Se non vero e ben trovato.
If it is not true, it is well-intended.
Zen Anarchymetalmensch on January 22nd, 2007 04:50 am (UTC)
Hah! That is one lesson hard learned. :)
Kburgunder on January 22nd, 2007 06:32 pm (UTC)
Amen to that, my friend! ;>
Varnvarn_ix on January 22nd, 2007 05:32 am (UTC)
The unto others part is not problematic
This post is fascinating in that it contains three afterthoughts each longer than the post.

My problem is not in treating others well. I've been accused, on separate occasions, of being a people pleaser. This I believe I do from genuine desire to see them happy, as I don't always feel the need for them to know who the benefactor was.

However, I have issues with the way I live my life when not interacting with others. What comes to me naturally is at best maintaining status quo, or more bluntly, stagnation. For me, to evolve or to be productive always takes enormous amounts of willpower and mental energy. I realize this is 'wrong' and 'bad', but unless someone makes it interesting for me, I will encounter great mental barriers against doing something I 'have to', but isn't something I would excel in.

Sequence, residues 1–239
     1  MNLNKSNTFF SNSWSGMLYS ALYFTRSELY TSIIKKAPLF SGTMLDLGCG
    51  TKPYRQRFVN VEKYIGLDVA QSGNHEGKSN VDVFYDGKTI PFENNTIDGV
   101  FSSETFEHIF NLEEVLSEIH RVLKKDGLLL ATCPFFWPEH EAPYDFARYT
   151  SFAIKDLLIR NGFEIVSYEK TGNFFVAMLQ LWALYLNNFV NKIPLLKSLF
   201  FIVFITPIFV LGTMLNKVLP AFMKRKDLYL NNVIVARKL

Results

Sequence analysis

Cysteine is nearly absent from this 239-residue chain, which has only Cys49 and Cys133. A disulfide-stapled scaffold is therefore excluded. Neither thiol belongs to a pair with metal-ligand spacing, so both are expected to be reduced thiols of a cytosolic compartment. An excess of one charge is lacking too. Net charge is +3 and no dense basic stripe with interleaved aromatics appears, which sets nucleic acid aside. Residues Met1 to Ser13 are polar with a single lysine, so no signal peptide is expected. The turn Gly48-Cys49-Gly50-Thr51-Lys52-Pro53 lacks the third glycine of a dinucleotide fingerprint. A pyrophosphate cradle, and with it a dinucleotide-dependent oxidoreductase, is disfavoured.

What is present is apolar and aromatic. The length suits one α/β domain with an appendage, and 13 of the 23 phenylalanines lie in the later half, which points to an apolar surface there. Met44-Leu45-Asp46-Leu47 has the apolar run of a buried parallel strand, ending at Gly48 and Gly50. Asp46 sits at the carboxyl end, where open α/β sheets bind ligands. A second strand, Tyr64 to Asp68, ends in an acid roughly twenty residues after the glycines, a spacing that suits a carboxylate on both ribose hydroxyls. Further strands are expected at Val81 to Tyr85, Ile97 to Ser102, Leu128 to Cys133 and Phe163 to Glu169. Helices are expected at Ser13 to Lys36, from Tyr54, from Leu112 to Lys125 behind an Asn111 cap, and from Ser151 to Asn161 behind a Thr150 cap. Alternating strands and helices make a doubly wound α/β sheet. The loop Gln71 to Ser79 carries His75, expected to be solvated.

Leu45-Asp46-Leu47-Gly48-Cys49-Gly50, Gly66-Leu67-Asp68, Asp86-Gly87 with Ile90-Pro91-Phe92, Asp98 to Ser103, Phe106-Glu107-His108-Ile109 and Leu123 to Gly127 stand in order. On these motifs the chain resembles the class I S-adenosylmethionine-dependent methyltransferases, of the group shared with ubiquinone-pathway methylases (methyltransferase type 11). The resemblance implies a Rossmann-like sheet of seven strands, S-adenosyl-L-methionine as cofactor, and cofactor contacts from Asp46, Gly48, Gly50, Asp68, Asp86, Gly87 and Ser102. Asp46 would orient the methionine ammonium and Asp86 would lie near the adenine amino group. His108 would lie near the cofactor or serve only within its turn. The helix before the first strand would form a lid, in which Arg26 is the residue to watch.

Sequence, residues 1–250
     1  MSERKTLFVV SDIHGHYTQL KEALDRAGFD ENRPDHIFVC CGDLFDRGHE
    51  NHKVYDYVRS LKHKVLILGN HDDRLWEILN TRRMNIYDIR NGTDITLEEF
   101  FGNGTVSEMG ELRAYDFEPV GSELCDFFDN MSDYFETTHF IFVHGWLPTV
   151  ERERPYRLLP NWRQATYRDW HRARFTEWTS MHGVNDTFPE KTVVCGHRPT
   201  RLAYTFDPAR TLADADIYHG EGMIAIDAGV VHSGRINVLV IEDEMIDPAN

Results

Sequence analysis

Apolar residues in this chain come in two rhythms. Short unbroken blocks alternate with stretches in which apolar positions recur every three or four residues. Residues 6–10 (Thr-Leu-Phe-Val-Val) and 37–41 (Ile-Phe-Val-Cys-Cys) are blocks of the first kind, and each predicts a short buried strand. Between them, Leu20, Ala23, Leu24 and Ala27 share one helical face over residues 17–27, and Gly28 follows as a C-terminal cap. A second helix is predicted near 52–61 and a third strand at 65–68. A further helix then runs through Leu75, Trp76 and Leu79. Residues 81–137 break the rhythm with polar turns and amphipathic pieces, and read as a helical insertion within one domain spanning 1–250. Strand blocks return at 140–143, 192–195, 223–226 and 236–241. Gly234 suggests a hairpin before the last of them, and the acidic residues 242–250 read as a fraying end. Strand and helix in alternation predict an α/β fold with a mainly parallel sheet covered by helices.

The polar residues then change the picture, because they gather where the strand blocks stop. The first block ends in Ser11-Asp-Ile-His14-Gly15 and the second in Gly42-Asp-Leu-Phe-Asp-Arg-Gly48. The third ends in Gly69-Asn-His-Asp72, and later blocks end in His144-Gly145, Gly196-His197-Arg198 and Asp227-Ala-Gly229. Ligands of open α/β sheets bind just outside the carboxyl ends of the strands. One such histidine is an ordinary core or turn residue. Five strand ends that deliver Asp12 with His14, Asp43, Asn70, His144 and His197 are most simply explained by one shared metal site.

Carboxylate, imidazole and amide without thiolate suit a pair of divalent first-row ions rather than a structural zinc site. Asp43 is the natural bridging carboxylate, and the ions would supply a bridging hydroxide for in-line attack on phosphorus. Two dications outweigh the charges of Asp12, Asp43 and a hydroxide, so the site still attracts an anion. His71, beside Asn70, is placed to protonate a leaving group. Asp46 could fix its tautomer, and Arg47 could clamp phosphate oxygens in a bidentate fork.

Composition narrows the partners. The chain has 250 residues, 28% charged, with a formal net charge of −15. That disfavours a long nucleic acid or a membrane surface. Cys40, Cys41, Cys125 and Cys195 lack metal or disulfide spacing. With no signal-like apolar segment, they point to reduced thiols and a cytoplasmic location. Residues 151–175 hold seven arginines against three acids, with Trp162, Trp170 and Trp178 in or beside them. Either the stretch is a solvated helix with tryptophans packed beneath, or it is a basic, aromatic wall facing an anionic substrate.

Kburgunder on January 22nd, 2007 06:31 pm (UTC)
Re: The unto others part is not problematic
The same Chinese philosophers who brought you most of these quotes might ask, "What's wrong and bad about it?"

One of the chapters in the Tao Te Ching focuses on never taking for granted the mundane. If you've ever read Atlas Shrugged by Ayn Rand, there's a great example of this when Dagny visits a sandwich shop and has a long conversation with a philosopher who has given up his college professorship to make sandwiches, and he makes some very astute points about engaging in the mundane and taking equal pride in its results as he would in the extraordinary.